Young's Modulus in the form y = mx + c Watch
Ambiguous I know
Anyway, since stress is on the y-axis and strain is on the x-axis (hopefully) then change in stress/change in strain is equal to the Young's modulus and also the gradient. That's your "m".
Your +c would be the value of stress when strain = 0. Ideally the line should pass through the origin.
So, for the bit of the graph that's linear, stress = Young modulus * strain + c (hopefully it goes straight through the origin).
Young's Modulus, E, = stress/strain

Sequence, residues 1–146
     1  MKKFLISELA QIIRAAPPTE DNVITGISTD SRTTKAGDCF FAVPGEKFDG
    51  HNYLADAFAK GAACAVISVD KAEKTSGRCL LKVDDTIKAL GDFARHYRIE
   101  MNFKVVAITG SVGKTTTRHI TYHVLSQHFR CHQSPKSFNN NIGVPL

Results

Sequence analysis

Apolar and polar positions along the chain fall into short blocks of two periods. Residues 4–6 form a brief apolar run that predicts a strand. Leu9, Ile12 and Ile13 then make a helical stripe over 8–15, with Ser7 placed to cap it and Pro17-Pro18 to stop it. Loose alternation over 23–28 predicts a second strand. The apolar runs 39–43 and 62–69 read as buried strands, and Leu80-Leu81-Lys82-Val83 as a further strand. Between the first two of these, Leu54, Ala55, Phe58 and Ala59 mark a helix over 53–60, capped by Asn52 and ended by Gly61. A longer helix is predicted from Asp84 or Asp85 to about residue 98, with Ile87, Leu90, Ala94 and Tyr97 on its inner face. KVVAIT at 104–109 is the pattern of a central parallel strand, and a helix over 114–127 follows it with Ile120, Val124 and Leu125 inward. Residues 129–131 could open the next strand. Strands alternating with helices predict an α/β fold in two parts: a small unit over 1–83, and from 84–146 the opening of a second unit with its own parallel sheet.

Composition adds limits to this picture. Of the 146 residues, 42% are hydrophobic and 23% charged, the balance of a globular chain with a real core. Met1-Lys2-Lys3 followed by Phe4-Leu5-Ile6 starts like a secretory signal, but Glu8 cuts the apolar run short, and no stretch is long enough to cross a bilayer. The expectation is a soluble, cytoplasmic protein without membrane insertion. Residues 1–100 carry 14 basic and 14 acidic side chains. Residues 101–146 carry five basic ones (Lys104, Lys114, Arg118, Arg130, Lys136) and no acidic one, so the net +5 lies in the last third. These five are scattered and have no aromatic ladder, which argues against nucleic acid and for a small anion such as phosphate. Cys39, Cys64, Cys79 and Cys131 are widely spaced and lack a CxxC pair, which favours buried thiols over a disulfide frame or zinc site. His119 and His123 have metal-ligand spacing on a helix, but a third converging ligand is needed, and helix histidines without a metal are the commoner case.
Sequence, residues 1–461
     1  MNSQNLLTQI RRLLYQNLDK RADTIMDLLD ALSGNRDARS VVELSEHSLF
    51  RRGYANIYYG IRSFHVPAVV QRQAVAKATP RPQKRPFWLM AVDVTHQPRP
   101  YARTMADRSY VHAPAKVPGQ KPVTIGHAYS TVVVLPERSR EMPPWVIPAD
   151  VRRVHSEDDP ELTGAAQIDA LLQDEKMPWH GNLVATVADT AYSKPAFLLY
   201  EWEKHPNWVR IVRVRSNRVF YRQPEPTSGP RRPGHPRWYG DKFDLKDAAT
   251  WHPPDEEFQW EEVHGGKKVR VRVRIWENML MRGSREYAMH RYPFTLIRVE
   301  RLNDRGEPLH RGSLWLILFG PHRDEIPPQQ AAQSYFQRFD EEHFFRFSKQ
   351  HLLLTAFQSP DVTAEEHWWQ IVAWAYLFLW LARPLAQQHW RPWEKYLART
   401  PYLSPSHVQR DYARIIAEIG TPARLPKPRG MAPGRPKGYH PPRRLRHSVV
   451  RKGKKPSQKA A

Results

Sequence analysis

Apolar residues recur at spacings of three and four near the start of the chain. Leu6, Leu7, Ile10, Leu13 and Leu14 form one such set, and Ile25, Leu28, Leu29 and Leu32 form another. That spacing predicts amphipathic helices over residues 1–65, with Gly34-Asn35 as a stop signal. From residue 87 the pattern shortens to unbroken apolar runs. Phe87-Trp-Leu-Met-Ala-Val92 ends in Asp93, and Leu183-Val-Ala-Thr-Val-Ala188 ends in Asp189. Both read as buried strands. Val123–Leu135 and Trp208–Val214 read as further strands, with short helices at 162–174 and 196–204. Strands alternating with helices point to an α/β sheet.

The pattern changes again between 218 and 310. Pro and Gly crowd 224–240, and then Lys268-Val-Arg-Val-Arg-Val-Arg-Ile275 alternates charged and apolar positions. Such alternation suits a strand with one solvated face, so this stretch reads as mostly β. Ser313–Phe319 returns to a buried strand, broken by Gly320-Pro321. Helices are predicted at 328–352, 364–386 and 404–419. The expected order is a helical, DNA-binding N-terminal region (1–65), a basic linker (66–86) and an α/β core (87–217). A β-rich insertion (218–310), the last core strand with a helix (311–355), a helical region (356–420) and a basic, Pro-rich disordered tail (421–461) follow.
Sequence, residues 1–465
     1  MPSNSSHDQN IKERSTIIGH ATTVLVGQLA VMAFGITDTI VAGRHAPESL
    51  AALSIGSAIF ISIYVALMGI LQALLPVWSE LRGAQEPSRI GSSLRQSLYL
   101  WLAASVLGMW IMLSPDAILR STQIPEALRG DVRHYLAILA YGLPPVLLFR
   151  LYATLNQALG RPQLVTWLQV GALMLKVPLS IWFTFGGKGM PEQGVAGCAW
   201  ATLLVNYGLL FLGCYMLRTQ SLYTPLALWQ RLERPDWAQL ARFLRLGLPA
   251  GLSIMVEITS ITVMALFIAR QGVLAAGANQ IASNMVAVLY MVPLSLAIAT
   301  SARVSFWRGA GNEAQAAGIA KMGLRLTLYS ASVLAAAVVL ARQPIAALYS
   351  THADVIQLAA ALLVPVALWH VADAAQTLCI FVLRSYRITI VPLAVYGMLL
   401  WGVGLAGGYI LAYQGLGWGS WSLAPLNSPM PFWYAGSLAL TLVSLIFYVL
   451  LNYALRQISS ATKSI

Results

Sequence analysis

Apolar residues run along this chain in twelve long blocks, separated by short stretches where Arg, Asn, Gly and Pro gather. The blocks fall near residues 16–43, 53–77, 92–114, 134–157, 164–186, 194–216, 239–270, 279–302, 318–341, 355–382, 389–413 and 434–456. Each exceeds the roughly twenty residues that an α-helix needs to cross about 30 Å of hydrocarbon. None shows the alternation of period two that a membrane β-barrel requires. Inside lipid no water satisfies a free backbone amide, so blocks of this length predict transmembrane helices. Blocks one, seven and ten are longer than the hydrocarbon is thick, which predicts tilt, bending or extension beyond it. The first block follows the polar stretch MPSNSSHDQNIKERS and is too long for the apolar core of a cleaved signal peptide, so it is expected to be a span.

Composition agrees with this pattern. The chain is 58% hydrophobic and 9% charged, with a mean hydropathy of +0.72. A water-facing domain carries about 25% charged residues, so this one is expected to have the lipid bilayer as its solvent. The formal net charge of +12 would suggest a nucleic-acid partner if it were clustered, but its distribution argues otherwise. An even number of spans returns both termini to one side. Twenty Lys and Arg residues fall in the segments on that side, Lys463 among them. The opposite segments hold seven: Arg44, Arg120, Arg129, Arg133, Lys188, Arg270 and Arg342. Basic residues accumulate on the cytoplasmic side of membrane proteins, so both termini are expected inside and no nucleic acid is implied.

E = FL/(A delta L)
because F = T = W where W = Mg (use capital M for mass here so not to confuse little m for gradient)
So, substituting for F
E = (Mg L) / (A delta L)
Now re-arrange to put into y=mx+c
delta L = (L / AE) x Mg you would not normally need to put the +0 for +c here denoting the intercept is at the origin.
Interestingly as the gradient, m, = (L / AE) this can be re-arranged for an approximation of E because E = L / mA. This is very useful if you are to complete the Young's Modulus Required Practical in AS Physics...
Hope this helps.